- The Washington Times - Wednesday, June 8, 2005

Major League Baseball wants to select finalists to buy the Washington Nationals within the next two weeks, industry sources said yesterday, providing another indication of its desire to find new owners for the franchise as soon as possible.

MLB received initial offers last week from seven bidding groups for the Nationals, owned by the other 29 team owners since early 2002. A specific date for the cutdown has not been established, nor has the number of finalists. But in follow-up conversations with prospective bidders, MLB executives have made plain their desire not to have the process resemble the protracted decision to move the former Montreal Expos to Washington.

“If anything, this thing is starting to move faster,” a source close to the bidding process said. “They’re definitely moving along with some diligence. I think there’s a pecking order. They’ll do interviews with the leading candidates and move this thing along as soon as they can.”

MLB executives declined to comment yesterday on the Nationals sale. Last month, commissioner Bud Selig said he intended to select the club’s new owner by midsummer, remarks that have been followed up by a flurry of behind-the-scenes activity. If that were not to happen, industry sources said MLB is targeting Sept. 1 as a back-end deadline to make its choice on the Nationals. Such a move would still allow two months to close the transaction before the Nov. 1 start of the club’s next fiscal year.

Bidding on the club are groups led by District businessmen Fred Malek and Jeffrey Zients; local philanthropist Jonathan Ledecky; Sallie Mae chairman Albert Lord; financier and developer Franklin Haney Sr.; real estate titan Mark Lerner; Indianapolis radio executive Jeffrey Smulyan; and a team of California billionaire Ron Burkle and attorney Yusef Jackson.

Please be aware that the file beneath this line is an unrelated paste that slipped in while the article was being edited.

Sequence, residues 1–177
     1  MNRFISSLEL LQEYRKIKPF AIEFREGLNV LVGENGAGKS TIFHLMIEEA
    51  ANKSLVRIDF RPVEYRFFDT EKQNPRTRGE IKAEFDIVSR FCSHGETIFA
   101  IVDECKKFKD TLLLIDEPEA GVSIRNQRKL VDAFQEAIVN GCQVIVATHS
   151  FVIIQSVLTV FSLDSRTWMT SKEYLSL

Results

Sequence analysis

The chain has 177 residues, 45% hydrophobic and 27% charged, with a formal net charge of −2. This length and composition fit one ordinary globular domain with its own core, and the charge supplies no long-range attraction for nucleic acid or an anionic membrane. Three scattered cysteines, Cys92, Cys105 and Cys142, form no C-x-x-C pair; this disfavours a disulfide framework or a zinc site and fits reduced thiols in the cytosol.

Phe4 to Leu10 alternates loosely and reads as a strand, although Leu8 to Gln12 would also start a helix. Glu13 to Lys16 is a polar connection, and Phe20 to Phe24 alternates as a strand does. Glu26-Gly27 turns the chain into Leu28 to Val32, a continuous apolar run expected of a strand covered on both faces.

Stan Kasten, former president of the Atlanta Braves, Hawks and Thrashers, is still lurking around the auction. Kasten, a longtime friend of Selig, has not submitted a formal offer but continues to seek financial backers to mount an offer or to join one of the other bid groups, baseball sources said.

Most of the initial offers have hovered between $380million and $400million for the Nationals and a minority stake in the Mid-Atlantic Sports Network (MASN), according to industry sources. It is expected the price will elevate slightly from there as another round of competitive bidding forces the suitors to improve their offers.

Two elements of uncertainty, however, surround those bids: the future of MASN and the status of the Nationals’ planned stadium in Southeast. Comcast SportsNet has sued MLB and the Baltimore Orioles, majority owner of MASN, claiming breach of contract, and seeks to halt efforts by MASN to build itself and gain wider distribution.

And real estate and development executives around the District have begun to express growing doubt privately that the new ballpark, located near the Anacostia River waterfront, will be ready in time for its scheduled April 2008 opening. City officials are making offers to landowners in the ballpark site, with a goal of acquiring and rezoning the property by the end of the year.

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